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Transcript
Chapter 04
Lecture Outline*
William P. Cunningham
University of Minnesota
Mary Ann Cunningham
Vassar College
*See PowerPoint Image Slides for all
figures and tables pre-inserted into
PowerPoint without notes.
Copyright © The McGraw-Hill Companies, Inc. Permission required for reproduction or display.
1
Evolution, Biological Communities,
and Species Interactions
2
Outline
•
Evolution and Natural Selection
•
Ecological Niche
•
Species Interactions
•
Community Properties
•
Communities Change Over Time
3
Adaptation
•
•
Why do some species live in one place but not
another?
 Adaptation - the acquisition of traits that allow
a species to survive in its environment
Adaptation is explained by Charles Darwin’s
theory of evolution by natural selection.
4
Evolution
•
A trait must be inherited (genetic) for it to evolve.
•
Individuals with traits that make them suited to a
particular environment survive and reproduce at a
greater rate in that environment than individuals
with less suitable traits.
•
Over time the proportion of genes in the population
for favorable traits increases. The proportion of
genes for unsuitable traits declines. Thus,
adaptation occurs.
5
Natural Selection
•
The process whereby individuals suited to a
particular environment pass on more of their genes
to the next generation is called natural selection.
•
Where do the differences in the genes within
individuals come from?
 Mutation - changes in DNA sequence that occur
by chance (random mistakes in DNA replication,
exposure to radiation, etc.)
6
Selection Pressures
•
It is the environment that gives certain mutations
an advantage under those particular conditions
and causes other variants to be disadvantaged.
The environment exerts selection pressures.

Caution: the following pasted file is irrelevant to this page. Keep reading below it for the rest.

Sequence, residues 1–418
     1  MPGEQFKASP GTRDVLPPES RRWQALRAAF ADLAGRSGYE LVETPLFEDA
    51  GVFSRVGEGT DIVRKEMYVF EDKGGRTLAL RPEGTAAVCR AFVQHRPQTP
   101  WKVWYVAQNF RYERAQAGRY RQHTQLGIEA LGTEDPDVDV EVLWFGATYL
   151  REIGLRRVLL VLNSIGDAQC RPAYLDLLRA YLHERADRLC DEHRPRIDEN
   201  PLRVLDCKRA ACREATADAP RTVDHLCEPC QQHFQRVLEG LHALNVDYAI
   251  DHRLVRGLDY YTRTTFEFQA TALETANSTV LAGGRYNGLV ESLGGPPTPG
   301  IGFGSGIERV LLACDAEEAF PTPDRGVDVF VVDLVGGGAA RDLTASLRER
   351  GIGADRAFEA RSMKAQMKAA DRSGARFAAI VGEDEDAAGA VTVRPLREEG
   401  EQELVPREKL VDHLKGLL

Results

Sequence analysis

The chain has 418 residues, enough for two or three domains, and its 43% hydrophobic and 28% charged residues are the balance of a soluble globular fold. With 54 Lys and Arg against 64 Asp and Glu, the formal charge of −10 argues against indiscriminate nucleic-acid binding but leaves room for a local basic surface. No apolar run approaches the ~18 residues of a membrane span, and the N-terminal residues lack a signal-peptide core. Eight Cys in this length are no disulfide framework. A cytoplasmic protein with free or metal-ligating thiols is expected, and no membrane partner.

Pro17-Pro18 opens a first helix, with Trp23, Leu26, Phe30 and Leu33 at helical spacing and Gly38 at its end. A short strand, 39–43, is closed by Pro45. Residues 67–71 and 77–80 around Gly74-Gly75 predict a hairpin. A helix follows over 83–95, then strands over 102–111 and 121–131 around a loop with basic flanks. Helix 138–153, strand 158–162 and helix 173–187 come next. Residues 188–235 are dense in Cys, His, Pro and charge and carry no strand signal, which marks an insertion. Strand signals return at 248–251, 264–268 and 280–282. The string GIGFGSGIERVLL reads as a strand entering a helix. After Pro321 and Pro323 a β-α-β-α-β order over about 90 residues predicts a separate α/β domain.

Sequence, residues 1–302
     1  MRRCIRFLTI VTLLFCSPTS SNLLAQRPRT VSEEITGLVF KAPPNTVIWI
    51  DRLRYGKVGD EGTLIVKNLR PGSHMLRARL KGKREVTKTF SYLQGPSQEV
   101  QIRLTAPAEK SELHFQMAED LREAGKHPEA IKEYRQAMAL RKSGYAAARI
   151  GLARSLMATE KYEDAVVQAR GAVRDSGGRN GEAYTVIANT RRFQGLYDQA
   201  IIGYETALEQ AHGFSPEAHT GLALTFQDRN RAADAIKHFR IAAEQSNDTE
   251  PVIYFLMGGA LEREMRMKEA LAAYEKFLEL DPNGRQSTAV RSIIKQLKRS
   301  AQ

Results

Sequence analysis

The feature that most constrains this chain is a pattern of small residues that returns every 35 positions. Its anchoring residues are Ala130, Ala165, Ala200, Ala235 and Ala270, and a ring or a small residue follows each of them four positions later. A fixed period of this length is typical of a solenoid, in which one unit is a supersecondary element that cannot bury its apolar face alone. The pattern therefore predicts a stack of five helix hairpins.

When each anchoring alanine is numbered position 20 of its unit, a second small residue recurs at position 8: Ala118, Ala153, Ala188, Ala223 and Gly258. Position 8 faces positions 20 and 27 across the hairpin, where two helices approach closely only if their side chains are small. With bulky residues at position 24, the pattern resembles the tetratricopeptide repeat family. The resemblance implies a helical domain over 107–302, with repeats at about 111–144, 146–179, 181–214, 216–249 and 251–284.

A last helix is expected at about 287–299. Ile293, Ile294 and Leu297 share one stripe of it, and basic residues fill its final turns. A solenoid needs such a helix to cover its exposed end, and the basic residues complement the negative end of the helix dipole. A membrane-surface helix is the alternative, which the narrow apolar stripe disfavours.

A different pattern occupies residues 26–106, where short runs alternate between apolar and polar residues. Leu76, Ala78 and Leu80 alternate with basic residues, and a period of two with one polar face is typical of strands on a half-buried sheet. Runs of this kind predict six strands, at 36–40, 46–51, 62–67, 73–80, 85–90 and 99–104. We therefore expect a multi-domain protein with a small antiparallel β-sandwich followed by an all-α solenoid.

•
No variation is inherently good or bad. As
environments change, the trait being selected for
will change. A trait that was once selected against
can be selected for if the environment changes.
7
Limitations on Where an Organism Can Live
•
Environmental factors that determine where an
organism can live include:
 Physiological stress due to inappropriate levels
of moisture, temperature, pH, etc.
 Competition with other species
 Predation, parasitism, disease
 Chance - individuals move to a new and suitable
location by chance e.g. organism moved to a
different beach after a storm
8
Critical Limits
•
Von Liebig proposed the single factor in shortest
supply relative to demand is the critical factor in
species distribution.
 Shelford later expanded by stating that each
environmental factor has both minimum and
maximum levels, tolerance limits, beyond which
a particular species cannot survive or is unable
to reproduce. The factor closest to the limits is
the critical factor that determines where an
organism can live.
9
Tolerance Limits
10
Critical Limits
•
For some species, the interaction of several factors,
rather than a single limiting factor, determines
biogeographical distribution.
 Tolerance limits may affect the distribution of
young differently than adults.
•
Species requirements and tolerances can also be
used as useful indicators of specific environmental
characteristics. Example: Trout require clean, well
oxygenated water so their disappearance from a
stream may indicate that it is being polluted.
11
Habitat and Ecological Niches
•
Habitat - the place or set of environmental
conditions in which a particular organism lives
•
Ecological niche - describes either the role played
by a species in a biological community or the total
set of environmental factors that determine a
species distribution
 Generalist - has a broad niche (rat)
 Specialist - has a narrow niche (panda)
12
Competitive Exclusion
•
Gause proposed the competitive exclusion principle
which states that no two species can occupy the
same ecological niche at the same time. The one